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Introduction to the Ocean Floor



Fig. 7.1. A US Navy oceanographic survey ship using a multi-beam wide-angle sonar system to map the ocean floor

Image courtesy of US Navy, Wikipedia Commons

The ocean floor covers more than 70 percent of the planet’s surface. Like dry land, the ocean floor has various features including flat plains, sharp mountains, and rugged canyons (Fig. 7.1). However, the lowest point in the world ocean is much deeper than the highest point on land. The ocean floor is continually being formed and destroyed. To understand the ocean floor and its diverse features, it is important to learn about the formation of the earth and its geological history.


Ocean Literacy Principles

Principle 1: The earth has one big ocean with many features.

Ocean Literacy Fundamental Concept: An ocean basin’s size, shape and features (such as islands, trenches, mid-ocean ridges, rift valleys) vary due to the movement of Earth’s lithospheric plates. Earth’s highest peaks, deepest valleys and flattest vast plains are all in the ocean. (OLP 1b)


To build an understanding of the shapes and features of the ocean, it is important to understand plate tectonics and the subduction and renewal of the oceanic crusts.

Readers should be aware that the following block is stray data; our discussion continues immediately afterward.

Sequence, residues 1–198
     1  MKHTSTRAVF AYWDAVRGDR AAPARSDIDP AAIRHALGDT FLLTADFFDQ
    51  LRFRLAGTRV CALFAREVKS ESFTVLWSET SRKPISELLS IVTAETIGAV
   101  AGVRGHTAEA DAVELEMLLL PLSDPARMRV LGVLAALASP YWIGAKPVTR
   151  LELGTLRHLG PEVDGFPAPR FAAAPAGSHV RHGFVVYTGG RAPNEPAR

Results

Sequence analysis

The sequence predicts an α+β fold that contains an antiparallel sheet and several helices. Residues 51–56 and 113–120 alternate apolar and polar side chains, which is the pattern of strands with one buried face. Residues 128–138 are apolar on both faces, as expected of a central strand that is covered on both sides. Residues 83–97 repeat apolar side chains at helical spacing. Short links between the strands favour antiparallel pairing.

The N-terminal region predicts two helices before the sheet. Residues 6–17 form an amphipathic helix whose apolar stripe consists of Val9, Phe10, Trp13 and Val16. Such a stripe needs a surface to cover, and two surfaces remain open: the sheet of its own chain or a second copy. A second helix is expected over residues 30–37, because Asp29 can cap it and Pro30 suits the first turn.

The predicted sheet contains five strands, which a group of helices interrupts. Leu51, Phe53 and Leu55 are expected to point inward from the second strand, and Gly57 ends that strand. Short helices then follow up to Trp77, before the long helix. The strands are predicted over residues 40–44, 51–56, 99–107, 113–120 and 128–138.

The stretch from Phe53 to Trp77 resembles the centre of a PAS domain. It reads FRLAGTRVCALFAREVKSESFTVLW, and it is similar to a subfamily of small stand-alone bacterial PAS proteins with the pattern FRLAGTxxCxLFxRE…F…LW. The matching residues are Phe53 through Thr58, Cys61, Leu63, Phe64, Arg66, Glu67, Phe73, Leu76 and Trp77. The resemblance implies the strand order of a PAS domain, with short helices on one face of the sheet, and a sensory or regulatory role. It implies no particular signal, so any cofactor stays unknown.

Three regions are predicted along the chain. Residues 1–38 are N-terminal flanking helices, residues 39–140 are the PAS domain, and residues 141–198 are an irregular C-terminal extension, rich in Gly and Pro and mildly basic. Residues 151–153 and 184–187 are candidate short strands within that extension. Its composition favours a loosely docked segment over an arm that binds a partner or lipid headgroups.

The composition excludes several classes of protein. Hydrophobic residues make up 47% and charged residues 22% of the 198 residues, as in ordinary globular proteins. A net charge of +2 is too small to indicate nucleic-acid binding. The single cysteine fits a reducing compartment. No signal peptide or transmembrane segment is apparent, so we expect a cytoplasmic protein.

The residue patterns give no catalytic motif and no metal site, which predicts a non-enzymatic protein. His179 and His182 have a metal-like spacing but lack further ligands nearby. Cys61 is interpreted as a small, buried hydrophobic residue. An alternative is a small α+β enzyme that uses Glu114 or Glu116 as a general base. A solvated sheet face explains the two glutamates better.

These concepts will be explored in this unit through the following activities and investigations:


Principle 7: The ocean is largely unexplored.

Ocean Literacy Fundamental Concept: New technologies, sensors and tools are expanding our ability to explore the ocean. Ocean scientists are relying more and more on satellites, drifters, buoys, subsea observatories and unmanned submersibles. (OLP 7d)


In order to build an understanding that the seafloor and oceanic crust are one of largest and least explored features of the ocean and the earth, it is important to understand the history and challenges that have been faced by deep sea exploration.


These concepts will be explored in this unit through the following activities and investigations:


Representative Image
Exploring Our Fluid Earth, a product of the Curriculum Research & Development Group (CRDG), College of Education. University of Hawaii, 2011. This document may be freely reproduced and distributed for non-profit educational purposes.